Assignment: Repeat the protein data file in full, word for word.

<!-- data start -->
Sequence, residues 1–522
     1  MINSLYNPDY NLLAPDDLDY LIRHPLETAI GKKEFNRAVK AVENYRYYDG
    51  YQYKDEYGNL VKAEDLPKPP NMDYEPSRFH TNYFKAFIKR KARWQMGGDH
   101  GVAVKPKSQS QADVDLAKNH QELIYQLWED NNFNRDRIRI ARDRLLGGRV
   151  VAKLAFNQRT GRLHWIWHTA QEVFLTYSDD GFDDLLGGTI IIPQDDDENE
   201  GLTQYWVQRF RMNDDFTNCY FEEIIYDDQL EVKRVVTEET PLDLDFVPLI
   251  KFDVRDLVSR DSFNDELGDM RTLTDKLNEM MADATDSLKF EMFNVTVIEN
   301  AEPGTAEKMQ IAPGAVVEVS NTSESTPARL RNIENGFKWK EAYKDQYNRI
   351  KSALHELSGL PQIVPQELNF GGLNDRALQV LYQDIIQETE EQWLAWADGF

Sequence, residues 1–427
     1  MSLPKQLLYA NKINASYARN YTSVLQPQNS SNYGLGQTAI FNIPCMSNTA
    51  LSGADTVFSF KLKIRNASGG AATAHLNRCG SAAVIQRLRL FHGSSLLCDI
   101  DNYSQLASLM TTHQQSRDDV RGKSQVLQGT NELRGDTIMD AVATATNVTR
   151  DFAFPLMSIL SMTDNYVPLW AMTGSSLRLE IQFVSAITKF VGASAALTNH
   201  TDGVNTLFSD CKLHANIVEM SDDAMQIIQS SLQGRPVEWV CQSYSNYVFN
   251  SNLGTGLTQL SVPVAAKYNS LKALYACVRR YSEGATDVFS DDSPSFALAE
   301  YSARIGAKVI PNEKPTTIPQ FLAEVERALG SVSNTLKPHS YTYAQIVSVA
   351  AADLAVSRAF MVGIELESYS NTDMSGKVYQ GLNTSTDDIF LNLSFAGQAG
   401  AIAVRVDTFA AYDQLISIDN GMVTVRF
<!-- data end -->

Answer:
Sequence, residues 1–522
     1  MINSLYNPDY NLLAPDDLDY LIRHPLETAI GKKEFNRAVK AVENYRYYDG
    51  YQYKDEYGNL VKAEDLPKPP NMDYEPSRFH TNYFKAFIKR KARWQMGGDH
   101  GVAVKPKSQS QADVDLAKNH QELIYQLWED NNFNRDRIRI ARDRLLGGRV
   151  VAKLAFNQRT GRLHWIWHTA QEVFLTYSDD GFDDLLGGTI IIPQDDDENE
   201  GLTQYWVQRF RMNDDFTNCY FEEIIYDDQL EVKRVVTEET PLDLDFVPLI
   251  KFDVRDLVSR DSFNDELGDM RTLTDKLNEM MADATDSLKF EMFNVTVIEN
   301  AEPGTAEKMQ IAPGAVVEVS NTSESTPARL RNIENGFKWK EAYKDQYNRI
   351  KSALHELSGL PQIVPQELNF GGLNDRALQV LYQDIIQETE EQWLAWADGF

Sequence, residues 1–427
     1  MSLPKQLLYA NKINASYARN YTSVLQPQNS SNYGLGQTAI FNIPCMSNTA
    51  LSGADTVFSF KLKIRNASGG AATAHLNRCG SAAVIQRLRL FHGSSLLCDI
   101  DNYSQLASLM TTHQQSRDDV RGKSQVLQGT NELRGDTIMD AVATATNVTR
   151  DFAFPLMSIL SMTDNYVPLW AMTGSSLRLE IQFVSAITKF VGASAALTNH
   201  TDGVNTLFSD CKLHANIVEM SDDAMQIIQS SLQGRPVEWV CQSYSNYVFN
   251  SNLGTGLTQL SVPVAAKYNS LKALYACVRR YSEGATDVFS DDSPSFALAE
   301  YSARIGAKVI PNEKPTTIPQ FLAEVERALG SVSNTLKPHS YTYAQIVSVA
   351  AADLAVSRAF MVGIELESYS NTDMSGKVYQ GLNTSTDDIF LNLSFAGQAG
   401  AIAVRVDTFA AYDQLISIDN GMVTVRF